Using design elements and test data from the Abyss Concept prototype that Ming released last year, this month the young Singaporean-based watchmaker released its first production dive watch.

The Ming 18.01 H41 comes with a larger grade 5 titanium case, a matching titanium bracelet, with ceramic luminous material embedded in the sapphire dial ring. Surrounding the dial is a DLC-coated 60 click monoblock stainless steel unidirectional bezel that’s delineated by a 15-minute graduation as well as being able to count up to 60. The bezel features lume for all markings, moreover, everything on the dial that’s white is luminous.

Ming 18.01 H41

While the 40 mm diameter case is only 12.9 mm thick, the company was able to achieve a 1,000-meter depth rating. Multiple sets of gaskets and seals (including triple gaskets and red safety indicator for the crown) help to achieve the impressive water-resistance rating, ten times the ISO 6425 standard of 100 meters. Interestingly, the caseback has a high-friction surface to better grip your arm or wetsuit and prevent movement. Ming 18.01 H41

The head (the case without a strap or bracelet) weighs just 65 grams. Conveniently, the bracelet has curved quick-release end bars (20 mm) that will fit all of our previous watches, and will also be available separately.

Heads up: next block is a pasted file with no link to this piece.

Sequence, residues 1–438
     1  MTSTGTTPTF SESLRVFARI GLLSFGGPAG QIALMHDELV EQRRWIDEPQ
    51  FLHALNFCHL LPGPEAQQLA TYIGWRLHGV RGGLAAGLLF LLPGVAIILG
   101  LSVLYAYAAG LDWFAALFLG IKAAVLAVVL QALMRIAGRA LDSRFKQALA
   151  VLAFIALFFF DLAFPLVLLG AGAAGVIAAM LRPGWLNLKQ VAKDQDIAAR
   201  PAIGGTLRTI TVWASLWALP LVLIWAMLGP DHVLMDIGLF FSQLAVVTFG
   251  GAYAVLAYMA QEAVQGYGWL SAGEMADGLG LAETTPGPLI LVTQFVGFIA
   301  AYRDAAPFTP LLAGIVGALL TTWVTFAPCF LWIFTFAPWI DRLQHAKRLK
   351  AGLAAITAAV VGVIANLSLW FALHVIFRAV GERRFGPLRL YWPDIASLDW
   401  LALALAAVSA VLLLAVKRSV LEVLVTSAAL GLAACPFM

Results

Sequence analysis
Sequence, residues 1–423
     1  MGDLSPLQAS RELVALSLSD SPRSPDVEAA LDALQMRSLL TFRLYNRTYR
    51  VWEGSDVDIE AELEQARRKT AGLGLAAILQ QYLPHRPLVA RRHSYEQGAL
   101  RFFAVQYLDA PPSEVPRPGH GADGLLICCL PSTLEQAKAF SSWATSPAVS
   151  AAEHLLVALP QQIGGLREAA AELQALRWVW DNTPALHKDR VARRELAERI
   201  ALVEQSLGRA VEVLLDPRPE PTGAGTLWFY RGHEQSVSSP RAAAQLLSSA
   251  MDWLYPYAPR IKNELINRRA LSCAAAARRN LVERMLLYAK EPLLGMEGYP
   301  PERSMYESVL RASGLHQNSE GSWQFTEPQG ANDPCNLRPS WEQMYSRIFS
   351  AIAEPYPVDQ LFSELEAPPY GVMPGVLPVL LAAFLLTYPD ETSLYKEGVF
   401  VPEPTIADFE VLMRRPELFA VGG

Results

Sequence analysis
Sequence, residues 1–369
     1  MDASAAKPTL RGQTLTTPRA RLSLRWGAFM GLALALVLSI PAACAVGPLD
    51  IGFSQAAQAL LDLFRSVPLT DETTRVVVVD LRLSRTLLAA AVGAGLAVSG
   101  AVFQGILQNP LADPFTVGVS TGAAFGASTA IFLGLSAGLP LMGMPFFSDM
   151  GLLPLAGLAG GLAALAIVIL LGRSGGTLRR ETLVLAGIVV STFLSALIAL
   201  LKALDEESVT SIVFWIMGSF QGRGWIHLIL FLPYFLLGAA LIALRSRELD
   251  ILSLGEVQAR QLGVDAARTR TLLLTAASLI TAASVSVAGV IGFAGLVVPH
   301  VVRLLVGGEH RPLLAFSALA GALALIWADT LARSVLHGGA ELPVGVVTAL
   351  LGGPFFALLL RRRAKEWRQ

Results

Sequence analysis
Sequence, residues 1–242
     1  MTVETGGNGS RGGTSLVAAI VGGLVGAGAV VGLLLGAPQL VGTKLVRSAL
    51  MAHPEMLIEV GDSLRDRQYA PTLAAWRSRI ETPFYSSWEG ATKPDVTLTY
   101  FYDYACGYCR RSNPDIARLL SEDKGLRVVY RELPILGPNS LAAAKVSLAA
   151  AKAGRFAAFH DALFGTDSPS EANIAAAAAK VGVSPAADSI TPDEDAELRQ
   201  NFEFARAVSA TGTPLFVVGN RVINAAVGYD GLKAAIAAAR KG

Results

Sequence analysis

Ming 18.01 H41 DLC

Driving the hours, minutes, and center seconds is an outsourced top-grade ETA 2824-2 automatic that has 24 jewels, beats at 4Hz, has 40-hours of power reserve, and that’s been modified to remove the calendar and intermediate hand setting positions. The movement has been adjusted to five positions.

Ming 18.01 H41

There are three variants: a two-tone DLC and titanium on black Jean Rousseau rubber strap, two-tone DLC and titanium on a titanium bracelet, and full DLC-coated titanium on black rubber (with gloss black lacquer dial).

Retail starts at $2,750. Learn more at Ming.

Jason Pitsch
Posted by:Jason Pitsch

Jason Pitsch is the founder and editor of Professional Watches. He appreciates good design and engineering in everything from architecture to automobiles to cameras to clothing. Yet his focus for the past decade has remained consistent on covering just one type of craftsmanship: watchmaking.